UBI – is it a GREEN issue?
UBI is usually referred to as the Universal Basic Income, but I rather like its alternative title of Unconditional Basic Income. It sounds more liberal and, indeed, actually Liberal, in the freedom it renders for its intended recipients – that is EVERYBODY.
Some politicians, even some economists, seem to treat UBI as an alternative form of unemployment benefit, just to be paid to those not fortunate enough to be in paid employment for whatever reason. However, as a potential `game-changer` in political and economic terms, Unconditional Basic Income actually has to be treated as a basic income for everybody. How each individual person treats her or his basic income is truly a Liberal matter, an intrinsic freedom of choice, provided, of course, that your choice does not infringe upon another person`s right to choose.
I can already hear a chorus of “noooo`s” emanating from people of a conservative tendency who will immediately assume it means higher taxes and a slightly quieter chorus of “yaay`s” from those on the left who may see it as a Marxist thing of “to each according to their needs”. Please bear with me for a while as I attempt to make not only a Liberal argument FOR Unconditional Basic Income, but also a Green case for UBI, as part of the economic changes needed to begin to hold off the Climate Catastrophe we are currently facing.
This is a Blog post, so it will not be long enough to go into fine details in all aspects of the topic, so I shall have to declare a number of basic assumptions we all need to share in order to pursue my argument. Of course, if you do not accept these basic assumptions with me then the rest of the argument will logically fail, so here they are:
1 Climate Change is already with us and will get much worse if we do not act soon.
2 We may already be close to tipping points that will act as strong positive feedback loops to make Climate Change worse anyway
3 Population pressure globally and resource constraints mean that we need to stop using growth in GDP (Gross Domestic Product) as the best measure of economic success in a world where Sustainable Development should now be the overarching goal
4 Sustainable development is “economic development that is conducted without depletion of natural resources” and the UN`s sustainable development goals SDGs provide a valuable guide as to what we need to achieve.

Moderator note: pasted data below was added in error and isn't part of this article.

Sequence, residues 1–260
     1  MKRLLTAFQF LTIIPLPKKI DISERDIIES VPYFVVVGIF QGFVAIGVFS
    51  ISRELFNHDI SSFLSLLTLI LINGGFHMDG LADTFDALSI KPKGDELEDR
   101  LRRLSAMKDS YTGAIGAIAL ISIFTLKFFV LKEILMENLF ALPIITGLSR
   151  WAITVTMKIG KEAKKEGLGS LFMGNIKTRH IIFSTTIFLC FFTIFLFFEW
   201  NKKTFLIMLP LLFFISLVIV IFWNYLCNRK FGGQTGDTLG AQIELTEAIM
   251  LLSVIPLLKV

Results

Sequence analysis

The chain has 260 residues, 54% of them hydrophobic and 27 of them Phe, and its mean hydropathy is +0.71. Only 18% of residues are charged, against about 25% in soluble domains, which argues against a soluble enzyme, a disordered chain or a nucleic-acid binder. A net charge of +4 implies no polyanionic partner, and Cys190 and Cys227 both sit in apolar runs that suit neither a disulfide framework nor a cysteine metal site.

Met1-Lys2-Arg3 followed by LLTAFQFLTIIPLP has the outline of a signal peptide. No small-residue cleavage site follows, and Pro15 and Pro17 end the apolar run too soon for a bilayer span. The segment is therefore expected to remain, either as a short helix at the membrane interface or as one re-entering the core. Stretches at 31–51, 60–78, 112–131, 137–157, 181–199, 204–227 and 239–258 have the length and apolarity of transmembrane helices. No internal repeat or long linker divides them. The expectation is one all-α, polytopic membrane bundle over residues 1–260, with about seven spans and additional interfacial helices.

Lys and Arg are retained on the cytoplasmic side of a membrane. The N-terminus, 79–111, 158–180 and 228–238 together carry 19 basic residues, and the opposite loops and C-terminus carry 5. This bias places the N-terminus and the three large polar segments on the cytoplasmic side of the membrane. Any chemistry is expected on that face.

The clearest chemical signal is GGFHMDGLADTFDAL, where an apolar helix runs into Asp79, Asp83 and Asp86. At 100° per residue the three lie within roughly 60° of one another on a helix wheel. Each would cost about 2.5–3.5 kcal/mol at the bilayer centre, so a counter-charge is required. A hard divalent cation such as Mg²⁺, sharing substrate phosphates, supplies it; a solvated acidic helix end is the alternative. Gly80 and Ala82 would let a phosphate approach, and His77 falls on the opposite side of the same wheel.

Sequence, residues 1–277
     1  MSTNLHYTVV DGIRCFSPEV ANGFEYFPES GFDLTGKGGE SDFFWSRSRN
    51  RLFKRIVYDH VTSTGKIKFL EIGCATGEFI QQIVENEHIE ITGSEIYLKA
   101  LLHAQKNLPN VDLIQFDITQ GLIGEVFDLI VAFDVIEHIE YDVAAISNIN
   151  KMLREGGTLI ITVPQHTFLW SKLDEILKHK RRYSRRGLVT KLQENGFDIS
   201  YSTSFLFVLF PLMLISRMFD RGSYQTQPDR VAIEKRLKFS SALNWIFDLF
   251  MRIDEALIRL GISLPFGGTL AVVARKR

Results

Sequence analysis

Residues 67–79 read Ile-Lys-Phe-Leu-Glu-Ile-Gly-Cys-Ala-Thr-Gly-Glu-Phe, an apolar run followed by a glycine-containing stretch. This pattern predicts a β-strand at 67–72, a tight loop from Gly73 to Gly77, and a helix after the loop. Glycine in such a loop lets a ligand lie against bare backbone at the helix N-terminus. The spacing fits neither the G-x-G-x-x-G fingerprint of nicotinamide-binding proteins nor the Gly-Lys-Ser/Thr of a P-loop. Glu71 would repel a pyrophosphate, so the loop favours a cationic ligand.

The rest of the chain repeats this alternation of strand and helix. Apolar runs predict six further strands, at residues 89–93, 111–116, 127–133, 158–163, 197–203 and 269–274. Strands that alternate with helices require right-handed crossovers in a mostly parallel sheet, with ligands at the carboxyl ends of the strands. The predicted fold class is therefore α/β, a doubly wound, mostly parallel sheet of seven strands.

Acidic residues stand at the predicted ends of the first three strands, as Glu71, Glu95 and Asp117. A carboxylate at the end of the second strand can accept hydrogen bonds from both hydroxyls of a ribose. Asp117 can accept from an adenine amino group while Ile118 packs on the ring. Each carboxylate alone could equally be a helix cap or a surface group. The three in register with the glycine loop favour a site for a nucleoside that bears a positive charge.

5 Although the argument for UBI is global, we can only really discuss it here in a UK context in a meaningful political sense.
“It`s the Rich what gets the pleasure. It`s the Poor what gets the pain…”
I used to play rugby and one of the songs we used to sing on the bus to and from the game, included the line used as a heading to this paragraph, followed by the line “It`s the same the whole world over. Ain`t it all a bloody shame!?” I suppose I should declare that as a further assumption, but it is actually the introduction to a technical issue that is at the heart of how UBI could really begin to ease the pain.
“Seigniorage” is defined as – the profit made by a government by issuing currency, especially the difference between the face value of coins and notes and their production costs. Clearly not much seigniorage in making a five pence piece, but quite a lot when making a twenty-pound note or a fifty-pound note. The trick to understanding the implications of this technical issue is to remember the historical derivation of the word. Seigniorage used to be “a thing claimed by a sovereign or feudal superior as a prerogative” – or in plain English – “It`s the Rich what gets the pleasure…”
Governments do not say a whole lot about Seigniorage, but the present system worldwide means that the Central Banks that produce the money have control of this stuff and it gets handed out from the central banks to the commercial banks who then pass some of it on to their big business customers and, of course, to their already incredibly wealthy personal clients. “It`s the Rich what gets the pleasure…”
If we were to change this system as part of the introduction of an Unconditional Basic Income the seigniorage would be reallocated to individuals, free, then, to choose how it should be spent.
Automation and employment
Ever since I was a teenager reading science fiction (and remember I am now 71 as I write this!) I have been apprised of the advancement of technology at an ever-increasing rate which “would mean everyone would have to work less and have much more free-time to spend doing what they wanted”. Unfortunately, the politicians must not have been reading the same books as me and have never devised an appropriate economic system for ensuring businesses, and the owners of those businesses, would fairly share out the great economic benefits of automation.